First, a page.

Veal recalls several instances that made him look up to God and ask God why all of the physical and verbal abuse was happening to him as an innocent child.
“There was a time when I was still a youngster, and I was staying with somebody and they told me to wash the dishes,” said Veal. “Well, I washed all the dishes, but because one pan had not been dried all the way, they woke me up from my sleep and beat the hell out of me. I didn’t even know why I was getting beat, because I was asleep, but it was painful.”
Veal also recalls another time when he was trying out for the school track team and was beat unmercifully by a family he was staying with.
“I was extremely fast, so I tried out for the school track team,” said Veal. “It wasn’t my fault, but the tryouts lasted a little longer than expected, so because the track coach knew it would be an issue, he brought me home and told the people I was staying with at the time, that it was not my fault and that I was simply trying to make the track team and that I was really good. They listened to the coach and after he left, they proceeded to beat the mess out of me.”
Veal quickly realized that he needed to figure out how to take care of himself or else his situation would stay the same or get worse.
Veal attended various schools in Houston, but spent the majority of his time at Wheatley High School in Fifth Ward. He played basketball and was in the band, where he played the drums.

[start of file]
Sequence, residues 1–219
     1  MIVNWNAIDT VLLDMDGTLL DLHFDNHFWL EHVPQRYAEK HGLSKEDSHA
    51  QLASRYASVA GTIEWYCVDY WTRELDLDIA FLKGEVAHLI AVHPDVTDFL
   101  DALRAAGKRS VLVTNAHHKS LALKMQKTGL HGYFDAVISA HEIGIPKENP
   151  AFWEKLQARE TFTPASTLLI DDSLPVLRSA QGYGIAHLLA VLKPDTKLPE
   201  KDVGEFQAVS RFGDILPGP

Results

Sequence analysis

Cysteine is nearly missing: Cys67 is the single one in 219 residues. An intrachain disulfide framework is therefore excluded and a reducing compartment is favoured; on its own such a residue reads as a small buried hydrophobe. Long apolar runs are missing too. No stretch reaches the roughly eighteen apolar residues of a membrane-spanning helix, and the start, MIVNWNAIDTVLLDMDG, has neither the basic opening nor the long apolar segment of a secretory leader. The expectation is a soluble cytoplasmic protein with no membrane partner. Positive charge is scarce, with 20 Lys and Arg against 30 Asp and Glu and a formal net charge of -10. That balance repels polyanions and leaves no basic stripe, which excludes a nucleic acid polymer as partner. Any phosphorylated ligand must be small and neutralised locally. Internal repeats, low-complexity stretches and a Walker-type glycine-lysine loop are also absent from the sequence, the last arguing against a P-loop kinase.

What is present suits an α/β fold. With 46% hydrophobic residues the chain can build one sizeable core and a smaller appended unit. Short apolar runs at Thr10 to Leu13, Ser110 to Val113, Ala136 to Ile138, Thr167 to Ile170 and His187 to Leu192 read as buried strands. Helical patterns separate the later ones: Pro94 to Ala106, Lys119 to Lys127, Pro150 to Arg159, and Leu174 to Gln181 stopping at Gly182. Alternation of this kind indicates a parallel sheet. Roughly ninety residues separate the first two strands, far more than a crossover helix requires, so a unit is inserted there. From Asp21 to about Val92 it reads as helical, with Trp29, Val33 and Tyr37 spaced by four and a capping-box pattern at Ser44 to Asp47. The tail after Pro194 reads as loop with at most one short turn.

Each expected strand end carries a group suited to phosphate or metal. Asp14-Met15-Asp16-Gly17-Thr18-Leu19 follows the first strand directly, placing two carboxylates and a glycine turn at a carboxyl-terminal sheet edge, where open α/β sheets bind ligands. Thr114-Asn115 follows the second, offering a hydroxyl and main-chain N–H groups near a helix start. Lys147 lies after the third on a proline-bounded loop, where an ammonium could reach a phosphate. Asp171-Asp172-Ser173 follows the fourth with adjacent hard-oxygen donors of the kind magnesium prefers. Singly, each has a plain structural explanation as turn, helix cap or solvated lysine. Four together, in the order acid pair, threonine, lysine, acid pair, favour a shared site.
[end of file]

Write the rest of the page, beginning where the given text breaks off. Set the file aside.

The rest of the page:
Veal always had the gift of gab and appreciated music and loved entertaining people. He would often be called upon to tell jokes and be the life of the party in group settings. He realized that he could use his skills, popularity and influence to make a difference and make money.
It was through his experiences interacting with musicians and artists, that Wickett Crickett realized that they needed someone who could effectively network and properly communicate with the right people, so that they can help connect the dots to get some deals done and make some real money. That is how the legend of Wickett Crickett began.
Wickett Crickett became a pioneering artist and promoter in the early days of rap in the city of Houston. He aided in bringing a global spotlight and building the million dollar industry of not only Houston music, but national and regional urban music as well.
The knowledge in business he brought to the table allowed him to render aid to numerous recording groups and organizations that had been functioning in the city, but were not making any money. His active participation helped these groups go from struggling, and having nothing, to becoming multi-million dollar operations.